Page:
Given that lack of financial education, it's no small wonder that, according to MarketWatch.com, half of the Americans who pay for their housing cannot afford it. They have to give up medical insurance, move to cheaper and less desirable neighborhoods, forgo luxuries, get second jobs, and run up credit card debt just to have the cash needed to afford their mortgage or rent. Standard wisdom is that you spend not much more than 30% of your after tax income on housing, no more than 60% on housing, utilities, and other fixed expenses like groceries and car notes combined. Let's get real here. That's what you shoot for if you make more than minimum wage. If you make more than more than minimum wage.
Federal poverty guidelines state that a single person with no responsibilities to anyone else needs to make $11,888 pre-tax to be considered above poverty. Add another person to that (ooh-la-la) and the line jumps to $15,142; $15,600 if that's one adult, one kid. Breaking that down, if you work a solid 35 hours per week, every week, all year long, and have no responsibilities, you aren't in poverty. Technically. But between Uncle Sam and Aunt 'Bama, you are only bringing home $500 every two weeks ($1,000 a month). Keep following guidelines and your rent should be no more than $300 a month, utilities no more than a couple hundred, then a couple more hundred for groceries. That's $700. Figure in gas, clothes, entertainment and what do you have left? Enough for medical care, emergencies, savings accounts, retirement? Not likely. What happens when you want to get married, buy a house, raise a family? And WHERE do you find a place to rent that's only $300 a month and isn't in some nosy grandmother's basement? As Tina says, "Uhhhhhhhhhhhhhhhhhhhhhhhhhhhhhhhhhhhhhhhhhhh"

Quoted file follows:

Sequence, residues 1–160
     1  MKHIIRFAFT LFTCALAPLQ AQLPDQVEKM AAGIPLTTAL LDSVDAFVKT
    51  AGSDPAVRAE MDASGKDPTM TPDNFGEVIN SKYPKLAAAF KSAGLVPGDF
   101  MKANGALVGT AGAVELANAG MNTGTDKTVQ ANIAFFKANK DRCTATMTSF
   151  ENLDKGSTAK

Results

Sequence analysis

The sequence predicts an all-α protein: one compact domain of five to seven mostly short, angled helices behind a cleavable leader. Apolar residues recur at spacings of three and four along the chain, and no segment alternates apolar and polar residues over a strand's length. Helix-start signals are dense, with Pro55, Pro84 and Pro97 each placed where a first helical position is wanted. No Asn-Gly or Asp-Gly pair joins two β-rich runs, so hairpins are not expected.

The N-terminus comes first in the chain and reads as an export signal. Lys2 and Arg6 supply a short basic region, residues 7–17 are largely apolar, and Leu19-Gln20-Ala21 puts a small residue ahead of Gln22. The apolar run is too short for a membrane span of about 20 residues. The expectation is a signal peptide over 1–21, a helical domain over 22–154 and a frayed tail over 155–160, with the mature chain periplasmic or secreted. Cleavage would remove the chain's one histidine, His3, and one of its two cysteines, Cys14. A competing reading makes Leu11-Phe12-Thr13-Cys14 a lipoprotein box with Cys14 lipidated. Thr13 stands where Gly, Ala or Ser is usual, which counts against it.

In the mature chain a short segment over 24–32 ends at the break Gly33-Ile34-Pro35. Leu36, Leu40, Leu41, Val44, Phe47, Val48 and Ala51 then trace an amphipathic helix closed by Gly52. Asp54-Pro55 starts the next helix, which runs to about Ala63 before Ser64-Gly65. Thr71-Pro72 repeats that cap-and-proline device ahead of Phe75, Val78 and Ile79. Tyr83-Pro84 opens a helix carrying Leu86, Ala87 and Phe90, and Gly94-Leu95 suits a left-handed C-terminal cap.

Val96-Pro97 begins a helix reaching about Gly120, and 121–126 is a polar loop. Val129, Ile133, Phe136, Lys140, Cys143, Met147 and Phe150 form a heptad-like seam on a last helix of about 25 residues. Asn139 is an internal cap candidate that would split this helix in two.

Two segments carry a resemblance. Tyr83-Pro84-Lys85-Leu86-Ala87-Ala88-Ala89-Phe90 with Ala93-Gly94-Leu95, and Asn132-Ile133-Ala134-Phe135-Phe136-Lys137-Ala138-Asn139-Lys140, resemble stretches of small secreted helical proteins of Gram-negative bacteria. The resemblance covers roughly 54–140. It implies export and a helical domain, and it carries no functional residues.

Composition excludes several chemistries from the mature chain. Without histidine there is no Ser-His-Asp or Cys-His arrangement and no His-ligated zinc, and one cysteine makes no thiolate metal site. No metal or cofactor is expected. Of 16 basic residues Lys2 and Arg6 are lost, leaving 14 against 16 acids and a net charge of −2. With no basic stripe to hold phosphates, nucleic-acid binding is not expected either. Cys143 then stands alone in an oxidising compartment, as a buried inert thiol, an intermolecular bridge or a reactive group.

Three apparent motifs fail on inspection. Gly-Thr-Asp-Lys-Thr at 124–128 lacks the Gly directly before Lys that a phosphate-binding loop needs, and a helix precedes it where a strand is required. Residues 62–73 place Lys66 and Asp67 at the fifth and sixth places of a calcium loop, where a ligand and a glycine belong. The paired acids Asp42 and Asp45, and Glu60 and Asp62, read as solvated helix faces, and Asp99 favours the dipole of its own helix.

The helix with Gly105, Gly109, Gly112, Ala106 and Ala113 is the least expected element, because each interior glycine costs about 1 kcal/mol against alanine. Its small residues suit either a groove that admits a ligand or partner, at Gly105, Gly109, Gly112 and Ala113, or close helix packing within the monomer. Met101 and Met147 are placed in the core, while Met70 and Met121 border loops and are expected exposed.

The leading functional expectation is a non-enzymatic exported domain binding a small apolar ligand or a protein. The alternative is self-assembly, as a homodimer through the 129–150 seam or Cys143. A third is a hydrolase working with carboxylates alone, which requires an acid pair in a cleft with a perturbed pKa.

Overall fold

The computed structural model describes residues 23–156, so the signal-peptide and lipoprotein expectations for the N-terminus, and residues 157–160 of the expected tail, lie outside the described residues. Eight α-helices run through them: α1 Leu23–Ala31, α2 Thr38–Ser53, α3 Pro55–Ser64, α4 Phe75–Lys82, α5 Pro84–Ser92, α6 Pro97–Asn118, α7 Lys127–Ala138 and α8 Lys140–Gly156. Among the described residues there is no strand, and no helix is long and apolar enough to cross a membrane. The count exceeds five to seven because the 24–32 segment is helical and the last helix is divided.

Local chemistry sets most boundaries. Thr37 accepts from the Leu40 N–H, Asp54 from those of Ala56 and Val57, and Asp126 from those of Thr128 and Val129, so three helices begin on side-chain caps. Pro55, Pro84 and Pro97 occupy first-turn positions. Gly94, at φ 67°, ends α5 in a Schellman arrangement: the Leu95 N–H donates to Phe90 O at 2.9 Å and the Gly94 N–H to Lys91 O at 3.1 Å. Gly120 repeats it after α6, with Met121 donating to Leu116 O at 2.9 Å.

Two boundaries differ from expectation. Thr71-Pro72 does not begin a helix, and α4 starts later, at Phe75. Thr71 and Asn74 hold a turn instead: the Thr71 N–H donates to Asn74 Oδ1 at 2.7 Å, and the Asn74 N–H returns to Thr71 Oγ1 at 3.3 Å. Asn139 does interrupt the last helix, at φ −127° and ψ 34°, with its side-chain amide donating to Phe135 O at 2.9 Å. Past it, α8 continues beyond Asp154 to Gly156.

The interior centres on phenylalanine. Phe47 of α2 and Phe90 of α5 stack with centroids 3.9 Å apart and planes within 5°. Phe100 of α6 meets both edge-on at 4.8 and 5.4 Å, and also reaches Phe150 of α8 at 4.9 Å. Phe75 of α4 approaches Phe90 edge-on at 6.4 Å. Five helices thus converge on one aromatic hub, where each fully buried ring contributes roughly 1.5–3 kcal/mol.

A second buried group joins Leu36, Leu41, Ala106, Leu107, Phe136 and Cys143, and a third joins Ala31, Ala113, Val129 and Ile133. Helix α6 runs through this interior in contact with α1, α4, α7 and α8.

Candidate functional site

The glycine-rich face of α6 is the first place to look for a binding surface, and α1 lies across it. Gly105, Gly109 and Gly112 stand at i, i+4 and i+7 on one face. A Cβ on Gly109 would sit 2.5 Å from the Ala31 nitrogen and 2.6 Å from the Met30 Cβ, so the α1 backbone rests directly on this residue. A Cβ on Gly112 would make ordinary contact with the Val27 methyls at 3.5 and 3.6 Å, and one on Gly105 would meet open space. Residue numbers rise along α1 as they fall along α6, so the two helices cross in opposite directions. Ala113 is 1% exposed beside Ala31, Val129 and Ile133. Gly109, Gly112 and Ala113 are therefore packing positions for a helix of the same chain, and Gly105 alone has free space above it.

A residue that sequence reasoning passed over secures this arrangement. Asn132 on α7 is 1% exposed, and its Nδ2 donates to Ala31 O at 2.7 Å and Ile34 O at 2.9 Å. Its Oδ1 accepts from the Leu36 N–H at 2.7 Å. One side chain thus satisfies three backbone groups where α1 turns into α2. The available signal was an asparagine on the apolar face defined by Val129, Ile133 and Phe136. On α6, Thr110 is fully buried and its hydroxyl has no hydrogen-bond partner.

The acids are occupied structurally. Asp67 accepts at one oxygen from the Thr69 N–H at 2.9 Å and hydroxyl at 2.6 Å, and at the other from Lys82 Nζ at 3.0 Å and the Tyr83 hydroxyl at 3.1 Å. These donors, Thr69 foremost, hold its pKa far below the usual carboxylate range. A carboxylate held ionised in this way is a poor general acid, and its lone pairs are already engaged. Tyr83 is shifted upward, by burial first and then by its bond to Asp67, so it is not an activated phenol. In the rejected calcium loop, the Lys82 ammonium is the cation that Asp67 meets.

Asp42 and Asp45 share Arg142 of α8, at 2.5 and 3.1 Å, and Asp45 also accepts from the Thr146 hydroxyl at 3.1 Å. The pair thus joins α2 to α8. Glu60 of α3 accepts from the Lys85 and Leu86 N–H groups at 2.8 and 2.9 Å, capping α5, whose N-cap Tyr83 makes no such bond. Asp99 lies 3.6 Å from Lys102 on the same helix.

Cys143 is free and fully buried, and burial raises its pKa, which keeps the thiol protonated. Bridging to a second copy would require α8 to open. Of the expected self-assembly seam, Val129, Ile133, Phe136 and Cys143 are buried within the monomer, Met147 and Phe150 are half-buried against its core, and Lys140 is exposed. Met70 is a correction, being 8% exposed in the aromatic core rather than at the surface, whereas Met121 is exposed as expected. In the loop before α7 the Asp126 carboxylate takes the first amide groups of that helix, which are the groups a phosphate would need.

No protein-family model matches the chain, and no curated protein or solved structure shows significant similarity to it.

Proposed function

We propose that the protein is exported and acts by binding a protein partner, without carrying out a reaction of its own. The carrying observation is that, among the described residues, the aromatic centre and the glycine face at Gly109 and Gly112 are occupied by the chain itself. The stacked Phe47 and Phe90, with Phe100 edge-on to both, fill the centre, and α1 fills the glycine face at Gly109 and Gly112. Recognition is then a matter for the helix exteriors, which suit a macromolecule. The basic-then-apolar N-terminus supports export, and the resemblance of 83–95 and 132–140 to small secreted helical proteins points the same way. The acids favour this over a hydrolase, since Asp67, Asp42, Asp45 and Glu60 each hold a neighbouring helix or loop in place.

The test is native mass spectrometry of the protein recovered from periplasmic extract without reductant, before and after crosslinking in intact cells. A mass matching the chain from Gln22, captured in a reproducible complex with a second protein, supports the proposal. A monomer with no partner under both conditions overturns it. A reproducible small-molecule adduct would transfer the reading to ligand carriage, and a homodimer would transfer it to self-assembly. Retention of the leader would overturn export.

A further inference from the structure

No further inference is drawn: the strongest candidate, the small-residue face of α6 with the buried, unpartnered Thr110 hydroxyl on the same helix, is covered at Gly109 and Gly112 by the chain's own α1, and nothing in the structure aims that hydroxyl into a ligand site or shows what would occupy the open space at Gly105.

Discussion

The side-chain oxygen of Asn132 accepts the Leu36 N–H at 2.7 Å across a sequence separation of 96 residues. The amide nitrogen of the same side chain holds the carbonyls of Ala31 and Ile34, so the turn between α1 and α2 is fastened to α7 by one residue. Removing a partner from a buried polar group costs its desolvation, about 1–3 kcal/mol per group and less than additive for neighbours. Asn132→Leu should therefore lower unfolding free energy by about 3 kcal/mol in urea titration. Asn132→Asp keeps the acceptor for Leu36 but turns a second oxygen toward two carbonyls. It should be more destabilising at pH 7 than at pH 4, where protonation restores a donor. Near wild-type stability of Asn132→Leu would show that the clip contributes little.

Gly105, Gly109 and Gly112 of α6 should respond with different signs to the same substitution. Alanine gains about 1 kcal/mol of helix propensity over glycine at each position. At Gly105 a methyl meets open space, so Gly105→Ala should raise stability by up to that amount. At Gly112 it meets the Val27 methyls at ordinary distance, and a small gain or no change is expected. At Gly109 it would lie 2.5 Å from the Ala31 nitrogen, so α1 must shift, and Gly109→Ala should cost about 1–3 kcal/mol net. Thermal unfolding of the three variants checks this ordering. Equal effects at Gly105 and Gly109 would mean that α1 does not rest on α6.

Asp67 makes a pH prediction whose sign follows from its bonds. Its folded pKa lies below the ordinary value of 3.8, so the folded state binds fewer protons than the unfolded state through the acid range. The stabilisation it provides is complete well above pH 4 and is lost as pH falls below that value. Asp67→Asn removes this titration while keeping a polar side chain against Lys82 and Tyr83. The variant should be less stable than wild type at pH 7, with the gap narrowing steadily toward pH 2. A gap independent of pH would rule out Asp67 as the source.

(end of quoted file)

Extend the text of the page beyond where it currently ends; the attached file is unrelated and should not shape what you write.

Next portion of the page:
Looking at it that way, with the numbers laid out neatly, you would think that people would know they are operating in the lower tiers of the socio-economy and would be able to plan accordingly. It is, after all, pretty well defined: you make this much and you are the working class, this much is middle, this much is upper. But, according to a study done by Kristjen B. Lundberg and B. Keith Payne of the University of North Carolina and Aaron C. Kay of Duke University,
So what do we do? The first step to clearing up those false views is as simple as a sitting down and making a list of money coming in and money going out. Get a clear picture of what your finances look like. Then put your Google-fu to practice and research. Find out where you sit on the socio-ecomonic scale. Maybe you are lower than you thought; there's no shame in that. Information is power and once you understand where you sit, you can begin to make plans to achieve your goals. Maybe you are higher. Congratulations! Make sure that you educate yourself on ways to wisely spend your money and manage debt. Community colleges sometimes offer money management courses. Get to know your local organizations. Places like the Link of Cullman County make it their business to collect resources that help with everything from buying furniture, finding housing, and joining support groups to finding day care, getting a job, or learning about sound money management. Join local couponing groups to stretch your grocery budget. Every little bit of knowledge that you gain puts you one step closer to becoming a financially independent person that everyone has it in them to be.